The Egyptian Ministry of Supply is preparing to introduce a new system to distribute subsidised bread to those who need it using national identification (ID) numbers.
A trial run is expected to begin in al-Fayoum province, and will be rolled out to the rest of the country after technical and logistical problems are identified and resolved, officials told Al-Shorfa.
Subsidised bread is currently rationed at 20 loaves per family per day at a cost of one Egyptian pound ($0.14). Non-subsidized bread is available at bakeries for 50 piasters ($0.07) per loaf.
"My family members and I take turns, depending on who is free, to stand in line for subsidised bread each day starting in the early morning hours," said Tawfiq Nagy, who heads a family of six.
"If we're late getting in line, we might miss out on getting our bread ration," he told Al-Shorfa.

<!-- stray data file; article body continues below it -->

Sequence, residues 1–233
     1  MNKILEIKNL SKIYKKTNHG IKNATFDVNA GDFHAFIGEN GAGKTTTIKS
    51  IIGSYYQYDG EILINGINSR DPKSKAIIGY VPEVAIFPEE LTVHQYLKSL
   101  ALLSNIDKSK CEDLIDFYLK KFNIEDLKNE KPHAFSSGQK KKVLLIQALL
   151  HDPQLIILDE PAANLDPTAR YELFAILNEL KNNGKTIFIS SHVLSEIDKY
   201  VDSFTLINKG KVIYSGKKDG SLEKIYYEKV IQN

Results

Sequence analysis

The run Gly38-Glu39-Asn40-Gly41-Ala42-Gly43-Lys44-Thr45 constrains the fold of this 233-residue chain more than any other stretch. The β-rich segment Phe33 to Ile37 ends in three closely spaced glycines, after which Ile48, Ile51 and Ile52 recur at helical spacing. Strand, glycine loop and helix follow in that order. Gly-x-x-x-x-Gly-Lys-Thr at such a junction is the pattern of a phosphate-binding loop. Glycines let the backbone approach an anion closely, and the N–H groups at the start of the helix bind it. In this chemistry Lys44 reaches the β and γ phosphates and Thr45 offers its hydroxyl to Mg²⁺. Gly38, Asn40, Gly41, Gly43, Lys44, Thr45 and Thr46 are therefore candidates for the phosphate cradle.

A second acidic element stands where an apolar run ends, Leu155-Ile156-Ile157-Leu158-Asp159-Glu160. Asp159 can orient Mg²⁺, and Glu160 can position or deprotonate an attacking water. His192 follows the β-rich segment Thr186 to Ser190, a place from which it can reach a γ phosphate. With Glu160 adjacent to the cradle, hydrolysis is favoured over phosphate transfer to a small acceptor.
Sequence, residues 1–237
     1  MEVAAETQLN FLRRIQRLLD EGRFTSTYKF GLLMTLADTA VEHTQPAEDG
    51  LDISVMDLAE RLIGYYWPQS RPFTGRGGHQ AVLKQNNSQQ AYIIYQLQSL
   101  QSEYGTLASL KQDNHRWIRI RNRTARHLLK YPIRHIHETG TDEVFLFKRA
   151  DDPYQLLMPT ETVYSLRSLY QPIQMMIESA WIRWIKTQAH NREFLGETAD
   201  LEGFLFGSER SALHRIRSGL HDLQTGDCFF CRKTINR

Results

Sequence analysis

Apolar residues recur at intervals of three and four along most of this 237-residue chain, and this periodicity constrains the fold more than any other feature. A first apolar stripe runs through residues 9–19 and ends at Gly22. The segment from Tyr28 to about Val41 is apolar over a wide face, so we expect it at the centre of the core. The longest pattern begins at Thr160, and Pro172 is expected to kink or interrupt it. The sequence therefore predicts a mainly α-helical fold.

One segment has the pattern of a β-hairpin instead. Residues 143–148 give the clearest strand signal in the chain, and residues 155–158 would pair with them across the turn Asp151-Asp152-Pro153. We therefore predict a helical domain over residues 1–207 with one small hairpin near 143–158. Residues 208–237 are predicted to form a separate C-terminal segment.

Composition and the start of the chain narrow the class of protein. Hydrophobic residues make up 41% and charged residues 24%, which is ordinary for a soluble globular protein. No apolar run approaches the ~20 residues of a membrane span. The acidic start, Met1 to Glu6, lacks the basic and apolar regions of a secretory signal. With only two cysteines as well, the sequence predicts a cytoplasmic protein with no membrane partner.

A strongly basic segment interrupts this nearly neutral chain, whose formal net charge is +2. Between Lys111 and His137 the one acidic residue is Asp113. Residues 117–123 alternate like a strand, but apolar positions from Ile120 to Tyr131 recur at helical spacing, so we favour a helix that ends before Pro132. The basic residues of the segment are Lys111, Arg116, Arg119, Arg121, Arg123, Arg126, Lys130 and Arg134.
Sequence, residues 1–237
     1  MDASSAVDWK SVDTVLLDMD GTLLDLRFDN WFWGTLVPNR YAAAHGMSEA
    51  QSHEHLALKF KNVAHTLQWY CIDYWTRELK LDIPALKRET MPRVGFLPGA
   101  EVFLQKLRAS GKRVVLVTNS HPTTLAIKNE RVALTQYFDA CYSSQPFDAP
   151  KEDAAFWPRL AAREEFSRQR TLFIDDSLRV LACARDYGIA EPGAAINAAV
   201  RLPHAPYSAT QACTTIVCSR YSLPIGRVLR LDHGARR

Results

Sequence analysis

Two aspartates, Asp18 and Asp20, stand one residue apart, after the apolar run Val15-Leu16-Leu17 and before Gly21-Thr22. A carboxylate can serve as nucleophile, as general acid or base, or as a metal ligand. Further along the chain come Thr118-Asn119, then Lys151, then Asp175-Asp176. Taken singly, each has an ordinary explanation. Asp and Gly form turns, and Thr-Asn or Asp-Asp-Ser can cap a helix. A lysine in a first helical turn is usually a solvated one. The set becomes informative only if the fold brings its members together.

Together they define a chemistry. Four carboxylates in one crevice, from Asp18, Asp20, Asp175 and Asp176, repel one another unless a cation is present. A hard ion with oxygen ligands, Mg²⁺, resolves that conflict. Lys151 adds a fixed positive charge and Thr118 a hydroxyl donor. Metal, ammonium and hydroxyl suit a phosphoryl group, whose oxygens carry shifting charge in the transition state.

When that happens, Nagy buys bread from unsubsidised bakeries, adding that "private bakery bread is bigger and of higher quality".
Nagy believes the subsidised bread distribution system needs to be regulated, as "neither the distribution mechanism is good nor is the quality of the bread acceptable".
Distribution based on the national ID number would prevent bakery owners or any other party that wishes to trade in subsidised bread from exploiting the system, he said.
The plan aims to eliminate waste and attempts by some bakery owners to sell bread on the black market, said Saleh Jaber, development advisor at the bakeries monitoring room at the Ministry of Supply.
This leads to low quality bread on the one hand, and a shortage in supply on the other, he said, forcing people to "buy bread from tourist bakeries, whose prices exceed their purchasing power".
(Waleed Abu al-Khair / Al-Shorfa)
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